Colts still looking for new head coach, but they’ve got new defense
INDIANAPOLIS, Ind. – This is not the normal progression for a team in serious transition mode, but this is where the Indianapolis Colts find themselves.
They have a new defense and a new defensive coordinator.
A not-so-insignificant byproduct of Chris Ballard’s failed pursuit of Josh McDaniels as Chuck Pagano’s successor was the decision to start putting McDaniels’ staff in place. While McDaniels reneged Tuesday evening on an agreement to be the Colts’ head coach, three assistants already had signed contracts: defensive coordinator Matt Eberflus, defensive line coach Mike Phair and offensive line coach Dave DeGuglielmo.
“We will not abandon them,’’ Ballard said Wednesday. “They’re good coaches. They’re good people.
“They’re good developer of men and that’s what we want.’’
Dominos falling in this order is extremely rare in the NFL. The incoming head coach wants his own guys. He wants to surround himself with coaches – in many instances friends – who share his vision.
But in this case, the new head coach inherits Eberflus, who will oversee a dramatic defensive shift. Pagano’s 3-4 scheme followed him out the door Dec. 31. With Eberflus, the Colts return to a 4-3 base defense, one that likely mirrors Tony Dungy Tampa-2 with expected tweaks.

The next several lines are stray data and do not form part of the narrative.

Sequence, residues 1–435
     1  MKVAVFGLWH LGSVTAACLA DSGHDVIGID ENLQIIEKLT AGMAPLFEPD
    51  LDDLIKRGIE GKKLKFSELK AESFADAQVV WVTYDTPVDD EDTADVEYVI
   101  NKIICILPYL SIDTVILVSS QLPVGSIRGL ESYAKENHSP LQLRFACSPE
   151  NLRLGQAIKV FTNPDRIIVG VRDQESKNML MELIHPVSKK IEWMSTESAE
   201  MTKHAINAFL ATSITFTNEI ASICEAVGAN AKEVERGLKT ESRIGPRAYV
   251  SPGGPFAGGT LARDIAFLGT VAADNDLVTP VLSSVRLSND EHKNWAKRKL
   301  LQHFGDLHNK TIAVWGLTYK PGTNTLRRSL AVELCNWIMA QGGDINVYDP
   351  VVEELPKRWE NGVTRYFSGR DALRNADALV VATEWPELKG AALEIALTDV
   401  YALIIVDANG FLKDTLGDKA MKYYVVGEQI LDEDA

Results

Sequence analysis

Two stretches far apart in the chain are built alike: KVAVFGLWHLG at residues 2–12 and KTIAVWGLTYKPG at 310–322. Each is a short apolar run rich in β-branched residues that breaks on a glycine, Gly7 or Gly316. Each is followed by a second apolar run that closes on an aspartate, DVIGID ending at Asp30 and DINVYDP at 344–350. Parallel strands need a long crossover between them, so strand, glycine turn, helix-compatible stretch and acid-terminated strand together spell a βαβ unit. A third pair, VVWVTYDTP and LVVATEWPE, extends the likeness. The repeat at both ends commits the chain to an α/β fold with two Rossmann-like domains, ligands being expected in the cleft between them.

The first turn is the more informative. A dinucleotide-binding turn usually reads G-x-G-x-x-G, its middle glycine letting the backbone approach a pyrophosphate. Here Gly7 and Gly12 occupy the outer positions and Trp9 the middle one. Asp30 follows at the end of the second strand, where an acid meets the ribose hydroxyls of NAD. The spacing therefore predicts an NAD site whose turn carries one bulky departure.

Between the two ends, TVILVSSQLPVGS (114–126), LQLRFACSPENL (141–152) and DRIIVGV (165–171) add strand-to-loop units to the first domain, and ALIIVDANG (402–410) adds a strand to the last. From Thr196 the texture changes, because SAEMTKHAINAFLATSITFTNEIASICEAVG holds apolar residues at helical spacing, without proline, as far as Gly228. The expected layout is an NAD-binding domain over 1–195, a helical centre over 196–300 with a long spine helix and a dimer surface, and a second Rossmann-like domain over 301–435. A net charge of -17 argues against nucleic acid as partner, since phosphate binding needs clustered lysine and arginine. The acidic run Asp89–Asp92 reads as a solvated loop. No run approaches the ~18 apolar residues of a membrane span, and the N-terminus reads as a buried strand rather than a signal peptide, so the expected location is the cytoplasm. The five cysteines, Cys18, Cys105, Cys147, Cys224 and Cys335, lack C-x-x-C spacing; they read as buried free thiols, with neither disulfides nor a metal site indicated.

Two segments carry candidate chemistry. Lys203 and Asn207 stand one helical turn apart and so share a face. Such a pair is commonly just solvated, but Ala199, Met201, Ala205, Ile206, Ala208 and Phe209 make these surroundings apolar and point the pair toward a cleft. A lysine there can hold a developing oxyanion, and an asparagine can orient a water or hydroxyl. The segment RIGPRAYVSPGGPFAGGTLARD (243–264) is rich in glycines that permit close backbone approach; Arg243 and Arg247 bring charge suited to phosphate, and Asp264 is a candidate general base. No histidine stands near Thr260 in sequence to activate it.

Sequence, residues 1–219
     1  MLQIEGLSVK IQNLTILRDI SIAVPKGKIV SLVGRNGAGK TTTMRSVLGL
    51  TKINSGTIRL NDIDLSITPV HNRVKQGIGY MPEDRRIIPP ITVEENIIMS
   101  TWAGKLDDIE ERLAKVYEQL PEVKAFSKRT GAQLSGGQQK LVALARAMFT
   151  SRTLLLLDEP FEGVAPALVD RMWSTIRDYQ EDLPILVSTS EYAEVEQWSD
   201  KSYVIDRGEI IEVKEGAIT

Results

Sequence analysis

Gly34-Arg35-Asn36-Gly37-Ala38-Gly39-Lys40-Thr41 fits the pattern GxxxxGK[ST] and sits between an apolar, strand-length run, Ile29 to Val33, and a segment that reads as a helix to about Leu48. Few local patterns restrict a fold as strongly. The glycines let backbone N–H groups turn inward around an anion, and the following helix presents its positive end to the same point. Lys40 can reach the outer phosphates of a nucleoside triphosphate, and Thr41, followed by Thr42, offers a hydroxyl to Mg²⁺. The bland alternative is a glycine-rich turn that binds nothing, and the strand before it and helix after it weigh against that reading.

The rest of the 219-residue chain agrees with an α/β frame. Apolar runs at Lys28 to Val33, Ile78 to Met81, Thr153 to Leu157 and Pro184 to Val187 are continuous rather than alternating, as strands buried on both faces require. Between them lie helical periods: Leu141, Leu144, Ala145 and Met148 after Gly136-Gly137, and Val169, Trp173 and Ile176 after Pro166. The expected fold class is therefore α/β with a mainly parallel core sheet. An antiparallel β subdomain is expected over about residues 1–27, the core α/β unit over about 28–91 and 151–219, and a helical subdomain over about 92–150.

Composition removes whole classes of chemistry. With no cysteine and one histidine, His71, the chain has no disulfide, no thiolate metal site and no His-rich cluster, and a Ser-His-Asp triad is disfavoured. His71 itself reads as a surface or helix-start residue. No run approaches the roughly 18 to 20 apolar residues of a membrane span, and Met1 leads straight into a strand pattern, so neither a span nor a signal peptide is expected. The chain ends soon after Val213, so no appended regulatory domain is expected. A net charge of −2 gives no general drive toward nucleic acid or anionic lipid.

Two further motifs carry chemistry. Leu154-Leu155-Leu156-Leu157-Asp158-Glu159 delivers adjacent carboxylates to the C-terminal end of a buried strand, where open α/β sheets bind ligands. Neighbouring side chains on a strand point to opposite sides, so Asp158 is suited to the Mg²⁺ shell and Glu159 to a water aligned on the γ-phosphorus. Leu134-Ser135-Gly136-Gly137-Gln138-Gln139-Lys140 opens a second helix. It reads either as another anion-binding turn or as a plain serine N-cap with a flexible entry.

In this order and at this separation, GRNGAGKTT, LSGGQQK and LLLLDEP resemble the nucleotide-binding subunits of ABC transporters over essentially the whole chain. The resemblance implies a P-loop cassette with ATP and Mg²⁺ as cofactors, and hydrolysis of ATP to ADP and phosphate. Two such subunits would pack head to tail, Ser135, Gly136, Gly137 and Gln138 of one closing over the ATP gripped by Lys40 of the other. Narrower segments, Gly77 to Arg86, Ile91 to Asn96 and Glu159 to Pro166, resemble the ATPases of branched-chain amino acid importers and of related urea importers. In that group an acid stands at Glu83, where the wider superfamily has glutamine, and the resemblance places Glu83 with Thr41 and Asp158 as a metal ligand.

This is one of those connect-the-dot situations.
Eberflus has been on Dallas’ staff the last seven seasons, and worked with Rod Marinelli since 2013. Marinelli was in Chicago from 2009-12 – he was defensive coordinator for three seasons – and his stint with the Bears overlapped with Ballard’s. From 1996-2001, Marinelli was a trusted confidant of Dungy in Tampa.
“Rod Marinelli is a close friend and mentor that I trust and value his opinion,’’ Ballard said. “I got to know Matt Eberflus a few years ago and was blown away by Matt.
“Matt was a coveted coach. He’s a very talented defensive coordinator. I feel very luck to have Matt Eberflus in the building running a scheme that I think fits our team that we can scout for and that fits our building.’’
The Colts, he added, play the bulk of their games either indoors or in ideal weather and the defense is “going to be based on athletic ability and speed. That’s how this defense is built.’’
Again, allow your mind to drift back to the Dungy era. The defense was all about speed, athleticism, flying to the football.
“It’s easy for young players to play because it’s simple and it allows them to play fast and physical and that’s what we want to be,’’ Ballard said.
Several components already in place. The front seven includes Jabaal Sheard, John Simon, Johnathan Hankins, Al Woods, Henry Anderson and Hassan Ridgeway. The back end could feature Malik Hooker, Matthias Farley, Clayton Geathers, Rashaan Melvin, Nate Hairston, Quincy Wilson and Pierre Desir.
What’s missing in the pass-rush threat that made Dungy’s defense so effective, a Dwight Freeney or Robert Mathis.
April’s NFL draft could remedy that. The Colts hold the third overall pick and undoubtedly will give serious consideration to North Carolina State’s Bradley Chubb.